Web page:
Myanmar amber reveals secrets of prehistoric snake
Scientists have for the first time found a piece of amber containing a snake dating back about 99 million years to the age of dinosaurs.
A group of scientists from China, Canada, the United States and Australia discovered a small baby snake, belonging to a previously unknown species, preserved in a piece of amber from the Hukawng Valley, in north Myanmar’s Kachin State.
Their discovery was published in the latest issue of Science Advances, a subsidiary of the academic journal, Science.
The amber was found in 2016. Scientists spent nearly a year reconstructing the three-dimensional structure of the bones of the snake using micro CT technology.
“We found the remaining skeleton in the amber is 4.75 centimeters long. But we infer that some bones are missing. So the total length of the snake might be about 9.5cm,” said Associate Professor Xing Lida of China University of Geosciences.
Scientists concluded the snake was a previously unknown species.
The amber also contained a fragment of snakeskin with thin diamond-shaped scales.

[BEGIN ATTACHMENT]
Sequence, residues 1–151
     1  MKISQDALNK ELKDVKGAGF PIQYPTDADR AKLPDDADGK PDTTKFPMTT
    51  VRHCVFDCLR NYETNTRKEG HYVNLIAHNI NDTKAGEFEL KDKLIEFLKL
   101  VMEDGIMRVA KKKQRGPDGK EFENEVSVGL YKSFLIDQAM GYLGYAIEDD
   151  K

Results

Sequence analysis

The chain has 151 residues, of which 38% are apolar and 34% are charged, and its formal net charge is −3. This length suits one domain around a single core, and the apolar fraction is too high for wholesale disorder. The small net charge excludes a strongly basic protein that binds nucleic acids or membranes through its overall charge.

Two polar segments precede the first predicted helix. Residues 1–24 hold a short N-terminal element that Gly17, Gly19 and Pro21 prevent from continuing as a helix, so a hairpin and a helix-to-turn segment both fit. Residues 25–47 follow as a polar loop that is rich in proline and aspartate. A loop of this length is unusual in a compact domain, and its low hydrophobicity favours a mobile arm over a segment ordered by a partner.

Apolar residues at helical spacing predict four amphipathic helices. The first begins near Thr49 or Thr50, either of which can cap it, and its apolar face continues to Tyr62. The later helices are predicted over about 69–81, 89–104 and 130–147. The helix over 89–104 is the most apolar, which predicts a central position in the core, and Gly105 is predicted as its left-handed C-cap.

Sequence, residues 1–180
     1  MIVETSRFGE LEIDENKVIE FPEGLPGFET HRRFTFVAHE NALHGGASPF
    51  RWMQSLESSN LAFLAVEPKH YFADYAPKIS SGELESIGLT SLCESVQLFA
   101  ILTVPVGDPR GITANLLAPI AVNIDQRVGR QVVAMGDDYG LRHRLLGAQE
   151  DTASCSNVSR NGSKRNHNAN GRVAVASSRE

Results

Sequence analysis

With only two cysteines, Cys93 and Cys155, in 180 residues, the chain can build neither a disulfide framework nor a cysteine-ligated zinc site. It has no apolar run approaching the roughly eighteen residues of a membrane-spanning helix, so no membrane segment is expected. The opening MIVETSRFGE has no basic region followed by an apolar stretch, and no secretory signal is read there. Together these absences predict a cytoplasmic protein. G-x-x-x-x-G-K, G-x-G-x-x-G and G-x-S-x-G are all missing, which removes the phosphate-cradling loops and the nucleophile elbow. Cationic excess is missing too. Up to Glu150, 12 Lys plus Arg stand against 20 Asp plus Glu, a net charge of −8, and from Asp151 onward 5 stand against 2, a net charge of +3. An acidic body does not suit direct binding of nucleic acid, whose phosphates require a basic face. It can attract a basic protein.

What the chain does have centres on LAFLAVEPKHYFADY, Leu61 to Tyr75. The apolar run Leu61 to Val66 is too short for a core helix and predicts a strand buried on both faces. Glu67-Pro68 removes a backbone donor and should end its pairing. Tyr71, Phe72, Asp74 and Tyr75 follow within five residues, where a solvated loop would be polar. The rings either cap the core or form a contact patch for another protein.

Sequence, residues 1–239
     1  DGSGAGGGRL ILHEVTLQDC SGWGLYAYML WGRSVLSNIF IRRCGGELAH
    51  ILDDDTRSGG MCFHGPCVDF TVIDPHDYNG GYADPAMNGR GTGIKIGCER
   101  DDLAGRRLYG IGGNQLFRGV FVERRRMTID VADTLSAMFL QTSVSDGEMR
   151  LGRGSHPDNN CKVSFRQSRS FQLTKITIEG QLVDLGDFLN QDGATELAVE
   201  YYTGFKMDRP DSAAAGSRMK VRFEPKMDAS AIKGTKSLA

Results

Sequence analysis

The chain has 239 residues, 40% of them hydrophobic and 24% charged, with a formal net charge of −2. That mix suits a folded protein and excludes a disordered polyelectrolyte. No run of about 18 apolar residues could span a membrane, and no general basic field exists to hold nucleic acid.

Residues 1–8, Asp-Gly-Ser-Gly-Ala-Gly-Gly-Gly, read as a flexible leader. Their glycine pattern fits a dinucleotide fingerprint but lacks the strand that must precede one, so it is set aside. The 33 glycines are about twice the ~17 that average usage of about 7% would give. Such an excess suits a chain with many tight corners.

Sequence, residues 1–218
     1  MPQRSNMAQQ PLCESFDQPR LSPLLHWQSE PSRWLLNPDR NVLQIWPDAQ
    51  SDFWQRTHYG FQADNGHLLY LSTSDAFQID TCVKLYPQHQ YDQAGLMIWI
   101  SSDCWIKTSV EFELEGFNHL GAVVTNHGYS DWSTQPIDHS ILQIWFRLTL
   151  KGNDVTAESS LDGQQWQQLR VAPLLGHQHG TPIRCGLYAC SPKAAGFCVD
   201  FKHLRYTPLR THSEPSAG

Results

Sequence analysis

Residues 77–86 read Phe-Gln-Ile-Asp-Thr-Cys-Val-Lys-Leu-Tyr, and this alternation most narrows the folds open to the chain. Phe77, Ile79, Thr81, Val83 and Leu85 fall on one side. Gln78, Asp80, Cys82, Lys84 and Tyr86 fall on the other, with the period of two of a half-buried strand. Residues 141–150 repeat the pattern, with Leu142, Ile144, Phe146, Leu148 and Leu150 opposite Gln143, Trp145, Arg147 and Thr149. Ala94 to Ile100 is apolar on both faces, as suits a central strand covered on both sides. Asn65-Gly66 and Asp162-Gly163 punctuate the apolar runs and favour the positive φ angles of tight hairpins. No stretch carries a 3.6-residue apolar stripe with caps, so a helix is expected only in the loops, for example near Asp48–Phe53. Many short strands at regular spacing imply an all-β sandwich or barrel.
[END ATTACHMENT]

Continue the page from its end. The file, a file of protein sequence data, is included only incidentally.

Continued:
“Compared with other fossilized vertebrates, snake fossils are very rare because the bones of most snakes are not very hard. It’s not easy for them to become fossils,” Xing said, adding that most common fossils cannot preserve the soft tissues of ancient animals, but amber, formed by resin, can better conserve soft tissues and bones.
In another piece of amber, researchers found a part of snakeskin with circular patterns. They believe this came from a forest predator, probably 60 to 70cm long.
Scientists believe snakes might have evolved from a kind of lizard. The earliest snakes can be traced back to the mid-Jurassic Period. Fossils of an ancient snake, Eophis underwoodi, dating back 167 million years, have been found, but they are in fragments and can offer little information.
During the early Late Cretaceous from 100 million to 95 million years ago, snakes roamed all over the world. Most snake fossils, uncovered in Southern Europe, Africa, North America, Middle East and South America, had no forelimb, and some had small, useless hind legs, said Xing.
The two pieces of amber also contained insects, remains of plants and invertebrates, indicating the snakes were living in a humid and warm tropical rain forest with a freshwater habitat.
Some marine ostracods, which were small crustaceans, in the amber show that the forest was adjacent to coast.
Most of the fossilized snakes found previously show they lived in water. This is the first discovery of a snake living in a coastal forest of the Mesozoic era, indicating that early snakes lived in a more diversified environment, Xing said.